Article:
During follow-up at 12 months, AVRT did not recur in both twins, and their ECG results were normal.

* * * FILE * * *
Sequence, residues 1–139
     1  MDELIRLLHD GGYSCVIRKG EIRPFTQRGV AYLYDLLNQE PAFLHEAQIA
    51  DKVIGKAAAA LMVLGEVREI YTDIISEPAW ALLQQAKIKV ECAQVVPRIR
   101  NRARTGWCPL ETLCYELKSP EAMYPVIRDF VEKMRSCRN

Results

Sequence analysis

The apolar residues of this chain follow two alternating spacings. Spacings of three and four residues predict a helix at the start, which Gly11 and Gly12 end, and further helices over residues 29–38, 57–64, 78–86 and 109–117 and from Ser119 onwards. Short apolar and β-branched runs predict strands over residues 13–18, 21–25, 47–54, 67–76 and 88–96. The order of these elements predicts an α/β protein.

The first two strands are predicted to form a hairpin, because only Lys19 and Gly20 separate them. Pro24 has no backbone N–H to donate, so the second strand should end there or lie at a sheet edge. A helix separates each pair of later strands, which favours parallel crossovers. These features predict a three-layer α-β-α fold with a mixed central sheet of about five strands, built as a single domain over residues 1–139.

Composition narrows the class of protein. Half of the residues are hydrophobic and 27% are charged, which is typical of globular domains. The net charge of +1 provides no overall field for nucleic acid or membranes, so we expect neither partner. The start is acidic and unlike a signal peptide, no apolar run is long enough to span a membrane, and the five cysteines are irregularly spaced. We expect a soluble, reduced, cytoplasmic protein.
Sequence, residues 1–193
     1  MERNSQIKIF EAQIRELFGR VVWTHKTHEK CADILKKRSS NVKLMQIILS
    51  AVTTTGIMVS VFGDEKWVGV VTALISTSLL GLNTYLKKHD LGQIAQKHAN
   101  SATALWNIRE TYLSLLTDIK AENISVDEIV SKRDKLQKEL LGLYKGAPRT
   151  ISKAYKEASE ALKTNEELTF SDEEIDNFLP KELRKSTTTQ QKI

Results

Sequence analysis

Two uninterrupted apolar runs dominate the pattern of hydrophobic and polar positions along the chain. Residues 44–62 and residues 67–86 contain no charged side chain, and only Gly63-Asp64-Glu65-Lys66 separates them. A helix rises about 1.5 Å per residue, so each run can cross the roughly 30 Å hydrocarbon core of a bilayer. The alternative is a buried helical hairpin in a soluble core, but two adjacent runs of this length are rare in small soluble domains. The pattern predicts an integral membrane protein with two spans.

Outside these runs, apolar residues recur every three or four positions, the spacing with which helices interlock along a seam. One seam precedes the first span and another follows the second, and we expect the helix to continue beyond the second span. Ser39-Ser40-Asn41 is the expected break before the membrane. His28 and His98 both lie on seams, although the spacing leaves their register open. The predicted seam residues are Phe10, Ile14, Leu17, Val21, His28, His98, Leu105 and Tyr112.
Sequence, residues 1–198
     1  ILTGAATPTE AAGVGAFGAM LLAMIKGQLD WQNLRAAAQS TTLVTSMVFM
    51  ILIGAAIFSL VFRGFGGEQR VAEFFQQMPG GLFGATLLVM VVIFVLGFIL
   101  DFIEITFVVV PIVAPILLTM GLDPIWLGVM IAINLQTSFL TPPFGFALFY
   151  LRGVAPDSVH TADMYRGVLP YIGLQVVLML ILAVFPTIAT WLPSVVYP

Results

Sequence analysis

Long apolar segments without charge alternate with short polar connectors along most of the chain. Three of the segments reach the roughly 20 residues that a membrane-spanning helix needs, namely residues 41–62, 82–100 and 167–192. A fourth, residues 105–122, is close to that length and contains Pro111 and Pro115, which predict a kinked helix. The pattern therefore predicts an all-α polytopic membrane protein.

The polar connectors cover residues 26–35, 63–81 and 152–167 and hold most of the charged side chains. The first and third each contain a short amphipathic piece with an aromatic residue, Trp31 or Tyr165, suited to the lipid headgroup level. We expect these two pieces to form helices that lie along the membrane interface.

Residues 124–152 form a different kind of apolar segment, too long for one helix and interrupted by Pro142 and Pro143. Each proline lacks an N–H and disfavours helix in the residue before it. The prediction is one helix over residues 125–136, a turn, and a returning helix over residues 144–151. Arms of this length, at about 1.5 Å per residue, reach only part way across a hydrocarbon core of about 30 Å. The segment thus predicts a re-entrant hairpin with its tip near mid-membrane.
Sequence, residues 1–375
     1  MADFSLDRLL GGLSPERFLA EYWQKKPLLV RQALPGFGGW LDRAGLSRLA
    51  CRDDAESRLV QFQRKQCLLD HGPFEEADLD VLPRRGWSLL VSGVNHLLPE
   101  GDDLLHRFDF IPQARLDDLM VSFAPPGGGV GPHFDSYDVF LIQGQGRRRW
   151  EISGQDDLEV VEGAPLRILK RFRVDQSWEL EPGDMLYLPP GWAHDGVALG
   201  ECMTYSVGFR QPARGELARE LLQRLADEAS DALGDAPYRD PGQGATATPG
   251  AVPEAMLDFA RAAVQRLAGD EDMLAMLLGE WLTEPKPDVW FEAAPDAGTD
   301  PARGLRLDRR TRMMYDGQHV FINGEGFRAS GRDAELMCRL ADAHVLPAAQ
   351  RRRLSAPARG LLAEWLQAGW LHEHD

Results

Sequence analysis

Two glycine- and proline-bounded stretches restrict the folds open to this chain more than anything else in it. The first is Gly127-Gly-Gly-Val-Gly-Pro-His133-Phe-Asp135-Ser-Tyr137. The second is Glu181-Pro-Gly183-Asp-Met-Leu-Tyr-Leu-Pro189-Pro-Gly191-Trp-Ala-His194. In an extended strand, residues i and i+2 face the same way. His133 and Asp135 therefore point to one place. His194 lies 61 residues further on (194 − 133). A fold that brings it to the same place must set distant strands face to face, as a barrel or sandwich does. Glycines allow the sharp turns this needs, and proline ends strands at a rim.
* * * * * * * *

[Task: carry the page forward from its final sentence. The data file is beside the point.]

We reported a case of 14-year-old monozygotic twin brothers with AP. They presented a right-side AP in almost the same location but showed completely different phenotypes. Familial WPW syndrome with or without cardiomyopathy has been well-described in the literature. The genetic inheritance pattern in WPW syndrome appears to be autosomal dominant [2, 3]. Familial WPW was previously reported in a mother and her son, with identical anatomical location of AP, further proving that WPW syndrome is hereditary . Molecular genetic studies revealed that several genes cause a rare familial WPW syndrome associated with structural cardiac disease (HCM and Ebstein’s anomaly) or systemic disease (mitochondrial syndromes, metabolic myopathies, and storage disorders) . PRKAG2 is the most described gene involved in familial WPW syndrome causing HCM with glycogen accumulation and ventricular pre-excitation [4,5,6]. Despite important advances in understanding the mechanism of the WPW pattern in these rare genetic disorders, the genetic basis of WPW in individuals without cardiomyopathy remains unclear. Unlike familial WPW syndrome, sporadic isolated WPW syndrome does not involve PRKAG2 gene mutations . However, rare de novo and inherited genetic variants were recently reported in children with isolated WPW without cardiomyopathy or other systemic disease, thereby opening new perspectives for genetic research for sporadic WPW syndrome .